Burundi Rejects UN’s Troop Deployment Despite Increasing Violence

Burundi, formally the Republic of Burundi, has rejected the United Nation’s proposal to deploy  up to 228 United Nations police officers to monitor human rights abuses and ease tensions after a year of violence.

The country has faced political turmoil and increasing violence due to President Pierre Nkurunziza announcing plans in April 2015 to run for a third term in office. This sparked protests by his opposition who stated that he was violating the constitution and the peace deal that ended a civil war in 2005. The protesters were violently put down by his security forces and Nkurunziza won the re-election. The UN Security Council authorized the deployment of up to 228 UN police personnel to Burundi.

“Given an increase in violence and tension the Security Council must have eyes and ears on the ground to predict and ensure that the worst does not occur in Burundi,” said Francois Delattre, the French UN ambassador.

Burundi’s government spokesman Philippe Nzobonariba stated that sending a foreign force in without prior consultation with authorities would be a violation of the country’s sovereignty.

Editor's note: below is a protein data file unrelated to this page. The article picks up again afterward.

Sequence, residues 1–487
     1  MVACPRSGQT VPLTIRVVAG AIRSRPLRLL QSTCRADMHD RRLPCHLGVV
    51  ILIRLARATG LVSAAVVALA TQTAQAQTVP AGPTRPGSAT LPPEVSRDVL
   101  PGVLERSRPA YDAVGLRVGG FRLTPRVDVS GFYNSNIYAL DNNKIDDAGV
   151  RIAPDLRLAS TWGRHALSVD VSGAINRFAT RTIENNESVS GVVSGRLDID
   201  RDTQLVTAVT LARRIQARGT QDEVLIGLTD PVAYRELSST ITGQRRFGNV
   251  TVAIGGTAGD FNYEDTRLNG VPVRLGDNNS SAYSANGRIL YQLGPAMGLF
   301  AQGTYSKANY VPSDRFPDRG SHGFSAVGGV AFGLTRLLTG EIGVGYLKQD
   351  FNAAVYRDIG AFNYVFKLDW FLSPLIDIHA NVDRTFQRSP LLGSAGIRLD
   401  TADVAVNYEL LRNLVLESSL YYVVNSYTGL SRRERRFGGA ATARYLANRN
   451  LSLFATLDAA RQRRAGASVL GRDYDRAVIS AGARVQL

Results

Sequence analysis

In January of this year, the African Union similarly announced plans to deploy 5,000 troops as peacekeepers to protect citizens from the escalating violence, but President Nkurunziza threatened to counter the deployment. Shortly following in March, the European Union suspended direct financial aid due to the lack of improvement in the political situation.

Al Jazeera reports that more than 450 people have been killed since President Pierre Nkurunziza announced his campaign and that at least 270,000 people have fled the country.

Vital Nshimirimana, a prominent Burundian rights activist, urged the UN to proceed quickly with the deployment to save lives.

“The UN must stop listening to President Nkurunziza’s empty threats and come to Burundi to rescue the people of Burundi,” Nshimirimana said.

In 1962, Urundi split from Ruanda-Urundi and became the independent East-African kingdom of Burundi under King Mwambutsa IV. From its independence onwards, Burundi was plunged into a series of violent events characterized by ethnic-motivated violence and political coups.

The Head of United Nations Independent Investigation on Burundi (UNIIB) Christof Heyns, stated that

“For Burundi to move away from violence and conflict, it needs a truly inclusive political dialogue that will address the roots of the political crisis…Real progress in power sharing will be crucial to achieving sustainable peace.”

For a comprehensive timeline of events in Burundi: //www.bbc.com/news/world-africa-13087604

Annemarie Lewis